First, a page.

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I was listening to Terry Gross's Fresh Air today and her guest was Jeff Goodall who wrote "Big Coal: The Dirty Secret Behind America's Energy Future". I did not hear the entire interview but what I heard was really interesting.

He spoke mostly about the coal industry and electrical power generation. He also spoke about the miners who actually bring the stuff out of the ground. He has a lot of respect for these workers and what they do. The aha moment came when he mentioned that most of these workers are 50 years old or older. There are no young people going into the mines, and all the miners he spoke with do not want their children to become miners. So in the near future we will not have any people willing to go into the coal mines, unless they are paid more than miners get now.

Suddenly bush's focus on immigration and his position on it makes sense now. I always think of the hard work of meatpackers or nannies and other jobs as being carried out mostly by our neighbors from the south.

An energy industry in need of future cheap labor is the missing link in my understanding of bush on immigration.

Have others realized this before. Am I late to the show? Now that summer is here I spend less time in front of the computer and more time outside. So I am perhaps missing some important political things.

Originally posted to jhogg on Thu Jun 21, 2007 at 01:43 PM PDT.

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Comment Preferences

  •  Could be... (1+ / 0-)
    Recommended by:
    agnostic

    there's certainly something to the argument that those advocating the Immigration Bill want to provide a means for corporations to employ cheap labor... a slave-wage underclass of some kind is what's desired.

    The thought that immigrant labor should be put to use unearthing coal seems fitting... using our new underclass to pursue our fossil-fuels-only policy is an innovative way of giving the finger to pretty much everyone in the country.

    •  three classes. (2+ / 0-)
      Recommended by:
      willb48, dantyrant

      the have mores, a destitute former muddle class, and a poor class of immigrants doing slave labor, at slave wages. But watch the DOJ rule that normal work rules don't apply to that lowest class.

      In the United States, doing good has come to be, like patriotism, a favorite device of persons with something to sell. - Mencken

      by agnostic on Thu Jun 21, 2007 at 02:04:07 PM PDT

      [ Parent ]

  •  The coal that is in the mountains of Appalachia (5+ / 0-)

    has been mined down to the narrow 18" seams now, though there's plenty of coal still left for those who are willing to go further and further into those small tight spaces.

    The mines out west, though, are set up differently. There is more space down in the mine, newer equipment. Perhaps too the state governments out there are better at protecting their citizens who do work in those jobs than the governments of Kentucky, West Virginia and Pennsylvania.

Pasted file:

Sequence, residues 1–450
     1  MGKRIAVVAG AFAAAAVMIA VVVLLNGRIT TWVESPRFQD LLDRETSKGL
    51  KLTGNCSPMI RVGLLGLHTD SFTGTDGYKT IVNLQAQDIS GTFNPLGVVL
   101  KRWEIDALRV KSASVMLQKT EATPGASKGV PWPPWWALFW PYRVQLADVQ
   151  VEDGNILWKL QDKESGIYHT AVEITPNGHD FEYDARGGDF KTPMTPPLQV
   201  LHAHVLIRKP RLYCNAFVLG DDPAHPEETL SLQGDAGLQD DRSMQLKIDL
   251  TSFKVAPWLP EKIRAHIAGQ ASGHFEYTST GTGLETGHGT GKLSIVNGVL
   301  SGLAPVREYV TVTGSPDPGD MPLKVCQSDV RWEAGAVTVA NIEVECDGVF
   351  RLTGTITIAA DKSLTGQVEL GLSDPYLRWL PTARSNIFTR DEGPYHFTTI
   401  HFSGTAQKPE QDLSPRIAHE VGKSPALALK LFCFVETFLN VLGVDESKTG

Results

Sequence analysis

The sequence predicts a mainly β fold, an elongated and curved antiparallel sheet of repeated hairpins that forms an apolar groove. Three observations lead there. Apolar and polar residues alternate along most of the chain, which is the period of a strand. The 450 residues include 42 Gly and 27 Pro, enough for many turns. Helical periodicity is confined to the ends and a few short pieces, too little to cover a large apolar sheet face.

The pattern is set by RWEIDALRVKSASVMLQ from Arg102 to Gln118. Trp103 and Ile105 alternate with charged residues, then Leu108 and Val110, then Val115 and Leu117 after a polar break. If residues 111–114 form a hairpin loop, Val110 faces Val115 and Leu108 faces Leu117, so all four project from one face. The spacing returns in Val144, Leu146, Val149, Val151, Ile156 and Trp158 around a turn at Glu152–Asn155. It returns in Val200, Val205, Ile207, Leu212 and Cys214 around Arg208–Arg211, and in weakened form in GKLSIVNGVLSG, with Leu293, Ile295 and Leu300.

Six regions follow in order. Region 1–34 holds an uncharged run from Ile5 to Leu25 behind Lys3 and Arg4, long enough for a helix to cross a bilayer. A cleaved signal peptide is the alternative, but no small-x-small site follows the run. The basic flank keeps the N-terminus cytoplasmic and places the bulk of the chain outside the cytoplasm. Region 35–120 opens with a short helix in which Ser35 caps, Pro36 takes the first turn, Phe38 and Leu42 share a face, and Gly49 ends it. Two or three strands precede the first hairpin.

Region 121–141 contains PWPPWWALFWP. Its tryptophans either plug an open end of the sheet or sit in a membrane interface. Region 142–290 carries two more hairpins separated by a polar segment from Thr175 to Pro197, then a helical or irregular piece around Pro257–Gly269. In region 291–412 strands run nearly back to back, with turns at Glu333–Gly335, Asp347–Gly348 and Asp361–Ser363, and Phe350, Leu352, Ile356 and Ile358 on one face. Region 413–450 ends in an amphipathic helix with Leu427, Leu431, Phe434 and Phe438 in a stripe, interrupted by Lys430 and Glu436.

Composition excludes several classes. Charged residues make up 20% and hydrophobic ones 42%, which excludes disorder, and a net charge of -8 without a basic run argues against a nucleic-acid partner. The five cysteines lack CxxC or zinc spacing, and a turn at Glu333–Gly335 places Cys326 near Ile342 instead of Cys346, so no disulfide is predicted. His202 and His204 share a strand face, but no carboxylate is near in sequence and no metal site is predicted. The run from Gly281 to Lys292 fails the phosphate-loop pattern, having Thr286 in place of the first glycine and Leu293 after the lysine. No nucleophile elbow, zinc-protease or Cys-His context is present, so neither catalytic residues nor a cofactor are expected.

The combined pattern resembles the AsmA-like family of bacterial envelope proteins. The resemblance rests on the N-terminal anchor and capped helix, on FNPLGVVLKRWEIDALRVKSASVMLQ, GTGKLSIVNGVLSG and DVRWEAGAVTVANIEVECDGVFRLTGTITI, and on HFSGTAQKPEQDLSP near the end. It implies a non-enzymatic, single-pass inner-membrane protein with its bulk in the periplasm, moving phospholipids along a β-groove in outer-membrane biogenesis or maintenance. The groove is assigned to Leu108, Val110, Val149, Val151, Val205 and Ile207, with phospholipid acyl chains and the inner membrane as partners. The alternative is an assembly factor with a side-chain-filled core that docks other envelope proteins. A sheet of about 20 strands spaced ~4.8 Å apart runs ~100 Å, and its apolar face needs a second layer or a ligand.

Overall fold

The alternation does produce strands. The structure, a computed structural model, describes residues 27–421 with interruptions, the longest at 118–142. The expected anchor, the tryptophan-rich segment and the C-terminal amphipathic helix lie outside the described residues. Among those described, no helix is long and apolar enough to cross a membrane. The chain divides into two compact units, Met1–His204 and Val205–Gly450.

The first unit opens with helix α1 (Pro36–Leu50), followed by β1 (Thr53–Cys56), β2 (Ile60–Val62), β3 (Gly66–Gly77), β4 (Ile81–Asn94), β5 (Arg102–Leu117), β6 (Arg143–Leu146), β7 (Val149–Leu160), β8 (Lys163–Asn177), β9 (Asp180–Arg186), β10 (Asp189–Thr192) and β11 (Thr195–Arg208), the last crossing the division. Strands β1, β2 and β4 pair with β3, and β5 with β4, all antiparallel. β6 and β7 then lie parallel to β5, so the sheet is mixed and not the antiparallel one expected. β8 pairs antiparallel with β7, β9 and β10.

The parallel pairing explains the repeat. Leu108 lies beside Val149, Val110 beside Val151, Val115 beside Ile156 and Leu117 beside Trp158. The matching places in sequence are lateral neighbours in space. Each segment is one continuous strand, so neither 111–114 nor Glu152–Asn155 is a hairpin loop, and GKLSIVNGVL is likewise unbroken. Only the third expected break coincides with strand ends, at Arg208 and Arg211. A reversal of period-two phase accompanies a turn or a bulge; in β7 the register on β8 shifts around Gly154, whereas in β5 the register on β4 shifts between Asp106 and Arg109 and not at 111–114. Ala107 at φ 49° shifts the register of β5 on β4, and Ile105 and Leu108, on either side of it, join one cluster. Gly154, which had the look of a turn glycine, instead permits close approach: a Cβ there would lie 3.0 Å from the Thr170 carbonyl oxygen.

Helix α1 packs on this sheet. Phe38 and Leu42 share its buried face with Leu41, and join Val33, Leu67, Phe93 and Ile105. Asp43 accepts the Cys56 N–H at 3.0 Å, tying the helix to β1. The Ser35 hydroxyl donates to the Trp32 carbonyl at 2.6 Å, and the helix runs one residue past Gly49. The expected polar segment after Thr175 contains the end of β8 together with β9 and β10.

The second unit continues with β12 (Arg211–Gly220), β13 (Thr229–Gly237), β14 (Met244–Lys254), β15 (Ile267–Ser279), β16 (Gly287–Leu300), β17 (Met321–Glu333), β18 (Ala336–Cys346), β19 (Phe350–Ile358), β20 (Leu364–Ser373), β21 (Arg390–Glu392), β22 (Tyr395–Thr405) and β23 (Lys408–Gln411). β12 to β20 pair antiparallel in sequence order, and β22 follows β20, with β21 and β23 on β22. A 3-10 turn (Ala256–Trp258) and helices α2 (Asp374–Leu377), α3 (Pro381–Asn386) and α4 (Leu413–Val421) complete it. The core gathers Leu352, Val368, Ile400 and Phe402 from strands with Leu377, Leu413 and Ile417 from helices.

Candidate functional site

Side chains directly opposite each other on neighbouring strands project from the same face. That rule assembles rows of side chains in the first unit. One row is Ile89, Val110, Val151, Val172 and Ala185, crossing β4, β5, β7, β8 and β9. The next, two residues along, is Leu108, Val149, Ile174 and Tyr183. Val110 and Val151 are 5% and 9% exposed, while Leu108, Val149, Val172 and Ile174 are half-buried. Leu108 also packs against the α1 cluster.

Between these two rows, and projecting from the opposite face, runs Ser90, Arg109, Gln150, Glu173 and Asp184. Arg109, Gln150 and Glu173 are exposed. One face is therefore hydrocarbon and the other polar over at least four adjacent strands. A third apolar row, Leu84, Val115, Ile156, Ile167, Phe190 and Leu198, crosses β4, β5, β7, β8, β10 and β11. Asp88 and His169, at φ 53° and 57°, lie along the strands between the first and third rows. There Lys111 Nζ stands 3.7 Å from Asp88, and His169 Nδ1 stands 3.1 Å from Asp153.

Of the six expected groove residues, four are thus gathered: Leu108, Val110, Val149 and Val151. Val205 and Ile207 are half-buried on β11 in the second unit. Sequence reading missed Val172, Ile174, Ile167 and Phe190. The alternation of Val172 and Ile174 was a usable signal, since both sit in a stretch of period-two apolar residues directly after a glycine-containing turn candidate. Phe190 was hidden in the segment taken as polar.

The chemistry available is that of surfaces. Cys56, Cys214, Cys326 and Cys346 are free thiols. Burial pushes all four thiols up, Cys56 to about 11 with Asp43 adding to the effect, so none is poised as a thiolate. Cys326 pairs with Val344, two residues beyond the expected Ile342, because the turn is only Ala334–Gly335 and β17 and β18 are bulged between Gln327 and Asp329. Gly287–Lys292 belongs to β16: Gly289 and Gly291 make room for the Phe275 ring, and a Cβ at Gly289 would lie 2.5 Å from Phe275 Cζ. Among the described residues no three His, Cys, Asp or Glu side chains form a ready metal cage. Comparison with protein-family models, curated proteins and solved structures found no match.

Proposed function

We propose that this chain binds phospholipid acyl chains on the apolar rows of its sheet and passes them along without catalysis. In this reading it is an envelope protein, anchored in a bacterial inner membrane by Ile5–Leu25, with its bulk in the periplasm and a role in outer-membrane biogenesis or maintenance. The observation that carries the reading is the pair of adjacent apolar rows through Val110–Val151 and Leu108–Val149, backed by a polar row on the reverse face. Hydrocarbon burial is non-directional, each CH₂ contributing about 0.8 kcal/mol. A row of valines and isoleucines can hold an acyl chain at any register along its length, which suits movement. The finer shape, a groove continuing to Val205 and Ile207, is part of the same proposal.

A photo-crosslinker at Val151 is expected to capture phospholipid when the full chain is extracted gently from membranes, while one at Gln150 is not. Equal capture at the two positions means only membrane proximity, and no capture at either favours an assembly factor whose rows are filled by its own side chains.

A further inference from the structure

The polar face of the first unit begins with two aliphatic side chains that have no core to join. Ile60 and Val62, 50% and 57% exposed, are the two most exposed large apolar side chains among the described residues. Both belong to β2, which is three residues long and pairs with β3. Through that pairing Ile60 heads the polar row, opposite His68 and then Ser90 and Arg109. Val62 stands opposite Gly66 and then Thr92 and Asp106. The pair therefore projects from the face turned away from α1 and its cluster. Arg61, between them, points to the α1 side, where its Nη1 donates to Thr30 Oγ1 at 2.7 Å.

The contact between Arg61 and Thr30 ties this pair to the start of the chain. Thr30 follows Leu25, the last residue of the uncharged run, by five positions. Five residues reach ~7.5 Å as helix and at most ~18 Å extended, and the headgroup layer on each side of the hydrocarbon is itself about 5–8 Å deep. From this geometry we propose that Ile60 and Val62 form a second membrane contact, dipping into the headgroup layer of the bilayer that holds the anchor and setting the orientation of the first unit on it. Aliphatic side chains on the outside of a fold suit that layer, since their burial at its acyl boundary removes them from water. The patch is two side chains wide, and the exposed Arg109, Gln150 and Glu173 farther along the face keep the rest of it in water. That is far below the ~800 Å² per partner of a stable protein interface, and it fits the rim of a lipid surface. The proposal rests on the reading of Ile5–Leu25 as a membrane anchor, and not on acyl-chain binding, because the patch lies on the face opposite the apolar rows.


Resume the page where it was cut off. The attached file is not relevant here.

Anyway, the coal mining "hollows" are very tight knit communities. I cannot see how the coal corporations could "bus in" loads of immigrant workers to mine the coal. Of course, many of those small towns sprinkled throughout the Appalachian foothills were originally "company towns" erected, owned and maintained by the coal companies.

    Jobs are scarce in the Appalachian mountains. Dangerous or not, there are men and women who will do it everyday to feed their families.

    <div style="color: #a00000;"> Our... constitutional heritage rebels at the thought of giving government the power to control men's minds. Thurgood Marshal

    by bronte17 on Thu Jun 21, 2007 at 02:01:20 PM PDT

  •  I agree..... (1+ / 0-)
    Recommended by:
    willb48

    immigrant labor WAS brought in to mine coal once- and we now have Italians and Hungarians and even African Americans who were brought in from the South as miners as West Virginians.  But there is a lot of fancy equipment to learn to use- and if you don't communicate well, you die in those mines.  

    There are classes in coal mining being offered in community colleges around here.  The folks are signing up for these classes, sometimes without a coal miner currently in the family.  Current miners often want their kids to go to school and can help pay for it.

    You shall know the truth, and the truth shall make you mad. Aldous Huxley

    by murrayewv on Thu Jun 21, 2007 at 02:58:40 PM PDT

  •  Coal "mining" is becoming obsolete (0+ / 0-)

    Mountaintop removal is the new method.  It doesn't take much labor.  Of course, it is devastating to the ecosystem.  Some spoil-sports oppose it.

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